In graphical terms, Magical Hat really is up there with the best the Mega Drive has to even rivals some of the more illustrious offerings from the Super Nintendo. The characters are large, bold and bursting with colour, the artists really outdid themselves by blessing the game with hoards of amazingly well designed sprites, all of which perfectly fit the setting and background of the game. Kudos must also go to the music composer because this game is awash with gloriously upbeat tunes that really get inside your head from the first level onward. It's this almost unnecessary level of detail that propels Hat's world to the top tier of the platform theatre.

Although this game looks cute and colourful, it also possesses a proper mean streak and it can easily catch you off guard. The difficulty level can make it extremely frustrating at times and as with most platformers of the day, one hit and you're dead. Luckily the delightful bonus levels in-between the stages will keep you stocked with extra lives, this is countered though by the fact that you'll probably end up ploughing through them at rate of knots.

Understandably Sega wanted to push Magical Hat into the lucrative markets of Europe and North America, at the time however, the localisation of many Japanese games went much further than mere text changes and a bit of censorship here and there. Games of Japanese origin were often considered a bit too weird and wacky for us easily offended westerners, as a result some would undergo a process known as Americanisation. This was a practice that pretty much ripped out any and all interesting content and ideas, and set about replacing it with stuff that was deemed more "familiar and acceptable" for it's new audience. Basically, it would amount to nothing more than removing the heart and soul of games that underwent the process, and Magical Hat along with Ranma 1/2 on the SNES (which became the appalling Street Combat) is by far the worse example of this that I've ever witnessed.

And so, as a result of this questionable and deplorable method of localisation, Magical Hat Flying Turbo Adventure emerged in the west as as Decap Attack.

"Whaa...where'd all the colour go!?"
Now to be honest, (and putting aside my bias for Japanese games) Decap Attack is actually a pretty solid attempt and if you've never had the pleasure of trying Magical Hat, then you quite could happily consider Decap Attack to be a title of real quality. However, when the two games are compared side by side, the ugly truth is impossible to hide from. Decap Attack is completely devoid of life and imagination, also (just to make matters worse) it was swathed in some of the most dull and drab colours you could possibly think of. It's worlds are home to boring characters who inhabit not very interesting surroundings. It is obvious to me that Sega were trying to make a game that would appeal to a mass market, but what depresses me most about Decap Attack is that by removing the patented Hat lunacy, they also took away the majority of the game's charm and identity...which is unforgivable.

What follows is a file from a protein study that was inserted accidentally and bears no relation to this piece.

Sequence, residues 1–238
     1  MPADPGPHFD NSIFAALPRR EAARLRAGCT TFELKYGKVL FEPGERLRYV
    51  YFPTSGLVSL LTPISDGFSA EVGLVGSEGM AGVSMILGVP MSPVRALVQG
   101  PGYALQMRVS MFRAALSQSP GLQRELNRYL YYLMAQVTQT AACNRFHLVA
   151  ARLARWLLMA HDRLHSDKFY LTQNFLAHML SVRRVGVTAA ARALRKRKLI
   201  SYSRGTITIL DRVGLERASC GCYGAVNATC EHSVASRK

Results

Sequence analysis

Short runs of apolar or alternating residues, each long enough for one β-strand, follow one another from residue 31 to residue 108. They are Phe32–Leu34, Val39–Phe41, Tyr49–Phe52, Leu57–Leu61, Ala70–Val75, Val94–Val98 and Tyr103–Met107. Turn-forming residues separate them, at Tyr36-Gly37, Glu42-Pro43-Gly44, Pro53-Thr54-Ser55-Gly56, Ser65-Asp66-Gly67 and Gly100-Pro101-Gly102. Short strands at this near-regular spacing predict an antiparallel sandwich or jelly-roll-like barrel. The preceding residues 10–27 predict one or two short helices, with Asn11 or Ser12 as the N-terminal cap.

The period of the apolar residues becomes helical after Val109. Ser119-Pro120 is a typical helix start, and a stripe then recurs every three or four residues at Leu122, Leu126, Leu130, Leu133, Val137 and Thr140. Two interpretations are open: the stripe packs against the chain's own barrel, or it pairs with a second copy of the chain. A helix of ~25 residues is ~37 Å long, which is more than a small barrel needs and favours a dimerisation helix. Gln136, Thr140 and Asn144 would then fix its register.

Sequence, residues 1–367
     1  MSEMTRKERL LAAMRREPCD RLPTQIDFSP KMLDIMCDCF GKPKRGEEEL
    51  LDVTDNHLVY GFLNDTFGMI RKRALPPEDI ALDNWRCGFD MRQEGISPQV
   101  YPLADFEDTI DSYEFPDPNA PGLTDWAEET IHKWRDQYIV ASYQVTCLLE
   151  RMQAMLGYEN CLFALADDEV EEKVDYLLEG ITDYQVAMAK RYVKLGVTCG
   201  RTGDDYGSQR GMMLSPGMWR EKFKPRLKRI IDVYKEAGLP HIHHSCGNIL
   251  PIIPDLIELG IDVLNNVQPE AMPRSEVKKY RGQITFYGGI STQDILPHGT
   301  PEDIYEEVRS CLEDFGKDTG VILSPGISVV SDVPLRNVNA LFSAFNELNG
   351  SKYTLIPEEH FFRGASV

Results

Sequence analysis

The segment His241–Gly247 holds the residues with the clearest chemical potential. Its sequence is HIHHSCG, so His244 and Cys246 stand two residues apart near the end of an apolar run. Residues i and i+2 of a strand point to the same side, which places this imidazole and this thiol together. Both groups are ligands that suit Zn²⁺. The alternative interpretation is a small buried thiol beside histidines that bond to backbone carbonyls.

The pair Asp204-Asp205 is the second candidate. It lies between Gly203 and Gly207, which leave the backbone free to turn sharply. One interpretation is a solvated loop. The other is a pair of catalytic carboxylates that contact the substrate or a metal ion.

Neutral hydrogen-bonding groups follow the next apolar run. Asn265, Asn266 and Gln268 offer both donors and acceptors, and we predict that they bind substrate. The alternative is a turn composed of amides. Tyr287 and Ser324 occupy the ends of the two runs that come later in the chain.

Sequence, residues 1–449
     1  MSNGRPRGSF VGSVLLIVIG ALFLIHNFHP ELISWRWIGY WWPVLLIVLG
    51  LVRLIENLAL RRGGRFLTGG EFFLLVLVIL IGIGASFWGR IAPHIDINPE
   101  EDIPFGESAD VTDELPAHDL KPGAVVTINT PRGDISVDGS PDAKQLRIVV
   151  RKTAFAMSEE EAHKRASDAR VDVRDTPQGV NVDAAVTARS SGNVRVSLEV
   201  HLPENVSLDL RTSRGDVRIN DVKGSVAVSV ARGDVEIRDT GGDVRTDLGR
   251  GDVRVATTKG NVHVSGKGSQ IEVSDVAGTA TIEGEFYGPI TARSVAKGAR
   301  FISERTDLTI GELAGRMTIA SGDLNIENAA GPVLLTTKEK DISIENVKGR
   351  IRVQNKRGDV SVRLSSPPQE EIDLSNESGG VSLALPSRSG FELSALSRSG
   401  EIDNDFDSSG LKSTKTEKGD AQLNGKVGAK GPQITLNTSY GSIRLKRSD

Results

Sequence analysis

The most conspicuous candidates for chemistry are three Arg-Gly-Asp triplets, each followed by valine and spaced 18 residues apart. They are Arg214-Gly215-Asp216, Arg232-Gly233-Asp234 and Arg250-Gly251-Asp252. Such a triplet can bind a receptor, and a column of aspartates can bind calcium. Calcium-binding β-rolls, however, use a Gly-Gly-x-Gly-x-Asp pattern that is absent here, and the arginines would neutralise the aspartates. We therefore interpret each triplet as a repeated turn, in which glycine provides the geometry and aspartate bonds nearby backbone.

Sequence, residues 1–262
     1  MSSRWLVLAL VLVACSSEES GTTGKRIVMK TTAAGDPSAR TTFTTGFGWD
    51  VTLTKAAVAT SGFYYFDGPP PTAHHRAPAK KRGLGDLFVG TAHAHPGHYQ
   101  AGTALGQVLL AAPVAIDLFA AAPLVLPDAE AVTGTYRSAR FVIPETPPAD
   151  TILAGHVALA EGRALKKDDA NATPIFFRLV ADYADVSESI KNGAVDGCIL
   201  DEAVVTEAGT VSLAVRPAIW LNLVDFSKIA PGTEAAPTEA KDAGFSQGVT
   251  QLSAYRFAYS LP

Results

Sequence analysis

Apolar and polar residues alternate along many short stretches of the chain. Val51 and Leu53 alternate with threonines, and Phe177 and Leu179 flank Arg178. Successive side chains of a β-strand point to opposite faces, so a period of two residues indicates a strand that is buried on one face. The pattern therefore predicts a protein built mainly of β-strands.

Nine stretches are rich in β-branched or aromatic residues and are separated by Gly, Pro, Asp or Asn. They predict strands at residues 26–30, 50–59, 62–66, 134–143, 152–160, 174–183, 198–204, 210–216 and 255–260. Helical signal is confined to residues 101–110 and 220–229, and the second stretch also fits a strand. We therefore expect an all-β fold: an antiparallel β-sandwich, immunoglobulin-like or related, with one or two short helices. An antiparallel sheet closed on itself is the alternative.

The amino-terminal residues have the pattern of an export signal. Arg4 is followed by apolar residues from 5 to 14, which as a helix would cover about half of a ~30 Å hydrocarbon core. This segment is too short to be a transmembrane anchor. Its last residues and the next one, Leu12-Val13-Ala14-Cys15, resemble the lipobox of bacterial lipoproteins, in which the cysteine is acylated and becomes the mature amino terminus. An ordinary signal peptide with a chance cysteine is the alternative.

The molestation of Magical Hat was truly abhorrent in my eyes and the fact that Sega, a company well renowned for bold (if possibly ill judged) gaming decisions, made the call to basically lobotomise it, makes the whole situation even more rancid. As is well known, the 90's thrust upon us an extensive collection of generic and unimaginative platform pulp in the form of smelly turds such as Family Dog and Cool World. Magical Hat would certainly have brought some welcome creativity and spark to these shores, had it arrived here untouched. As it was, we in the west were fobbed off with another run of the mill platform game, and this is truly a great shame because Magical Hat had so much to give us. It boasted not only the visual finery to match the very best of the generation, but also, terrific game play...most of all though it was fantastic fun to play.

So if you enjoy great platform games or just happen to be searching for a bit of the magic and humour that seems absent from many of today's games, then Magical Hat is an absolute must. Along with the likes of Streets of Rage 2, Gunstar Heroes and Phantasy Star, Magical Hat Flying Turbo Adventure finally made me acknowledge the Mega Drive as a truly great console…one thing I would say though is do yourself a big favour and play the proper Japanese version, it's just better.

In my humble opinion, it was this game and not Sonic that was the Mega Drive's true answer to Super Mario World, and praise doesn't come much higher than that.

As a final note, Magical Hat Flying Turbo Adventure also occupies a slot in my Underrated games list. It's a place where unloved games can be showered with much deserved attention, have a quick gander, you might just find your new favourite (old) game!



  1. Yeah! Magical Hat is one of my favourite MD games ever! :) I've had it for twenty-odd years now and I still don't get bored of it. Decapattack is a perfect example of how different a game can be depending on its audio/visual style. Bah, stupid dumb-arses! (>_<)

  2. Nice man, great to see another fan of the Hat!! I knew a quality title like this wouldn't escape your beady eye!